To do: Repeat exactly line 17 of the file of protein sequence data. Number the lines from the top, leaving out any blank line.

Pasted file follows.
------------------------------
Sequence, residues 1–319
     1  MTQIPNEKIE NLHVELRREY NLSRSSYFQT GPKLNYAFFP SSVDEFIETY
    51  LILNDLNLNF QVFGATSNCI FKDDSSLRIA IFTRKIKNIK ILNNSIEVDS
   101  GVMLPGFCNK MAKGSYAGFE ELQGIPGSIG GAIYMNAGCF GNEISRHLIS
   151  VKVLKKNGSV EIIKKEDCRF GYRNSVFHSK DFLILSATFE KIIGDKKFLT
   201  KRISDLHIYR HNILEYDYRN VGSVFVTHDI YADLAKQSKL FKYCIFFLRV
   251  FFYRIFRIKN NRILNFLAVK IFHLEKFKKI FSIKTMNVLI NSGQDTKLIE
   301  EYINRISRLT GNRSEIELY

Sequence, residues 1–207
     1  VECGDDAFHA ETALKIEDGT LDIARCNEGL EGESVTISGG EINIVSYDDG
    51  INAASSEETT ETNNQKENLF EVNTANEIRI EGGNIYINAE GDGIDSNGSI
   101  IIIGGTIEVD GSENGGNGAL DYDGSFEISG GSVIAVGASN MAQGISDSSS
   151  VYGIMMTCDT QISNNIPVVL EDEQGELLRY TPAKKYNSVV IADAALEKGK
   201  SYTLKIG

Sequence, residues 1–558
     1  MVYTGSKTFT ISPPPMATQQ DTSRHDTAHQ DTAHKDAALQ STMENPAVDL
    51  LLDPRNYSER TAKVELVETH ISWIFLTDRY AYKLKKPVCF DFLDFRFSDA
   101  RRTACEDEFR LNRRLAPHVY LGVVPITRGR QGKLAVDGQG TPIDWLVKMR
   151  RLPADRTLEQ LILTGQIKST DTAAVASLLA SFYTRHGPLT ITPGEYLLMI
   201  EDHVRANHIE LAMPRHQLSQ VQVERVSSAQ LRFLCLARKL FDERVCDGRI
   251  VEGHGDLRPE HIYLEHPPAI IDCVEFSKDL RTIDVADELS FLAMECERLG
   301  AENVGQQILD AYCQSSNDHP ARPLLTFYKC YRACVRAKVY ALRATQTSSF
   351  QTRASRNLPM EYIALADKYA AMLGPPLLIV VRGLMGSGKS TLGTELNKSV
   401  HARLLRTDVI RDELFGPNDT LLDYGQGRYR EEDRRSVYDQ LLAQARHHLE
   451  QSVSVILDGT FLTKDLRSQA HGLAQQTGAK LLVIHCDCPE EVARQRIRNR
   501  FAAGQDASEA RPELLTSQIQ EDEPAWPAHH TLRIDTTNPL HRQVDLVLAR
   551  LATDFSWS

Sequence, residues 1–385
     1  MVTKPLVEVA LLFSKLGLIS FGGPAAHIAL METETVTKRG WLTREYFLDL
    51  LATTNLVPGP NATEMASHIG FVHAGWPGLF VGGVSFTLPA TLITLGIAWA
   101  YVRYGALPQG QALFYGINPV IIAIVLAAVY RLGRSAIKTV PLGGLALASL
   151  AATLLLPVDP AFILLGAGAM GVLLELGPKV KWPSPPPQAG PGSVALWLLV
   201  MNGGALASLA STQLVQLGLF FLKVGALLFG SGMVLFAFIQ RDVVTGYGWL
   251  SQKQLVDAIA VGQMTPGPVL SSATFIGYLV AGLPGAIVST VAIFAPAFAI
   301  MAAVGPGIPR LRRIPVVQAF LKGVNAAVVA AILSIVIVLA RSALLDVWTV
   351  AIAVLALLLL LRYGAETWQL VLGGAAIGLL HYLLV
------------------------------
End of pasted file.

    51  LLDPRNYSER TAKVELVETH ISWIFLTDRY AYKLKKPVCF DFLDFRFSDA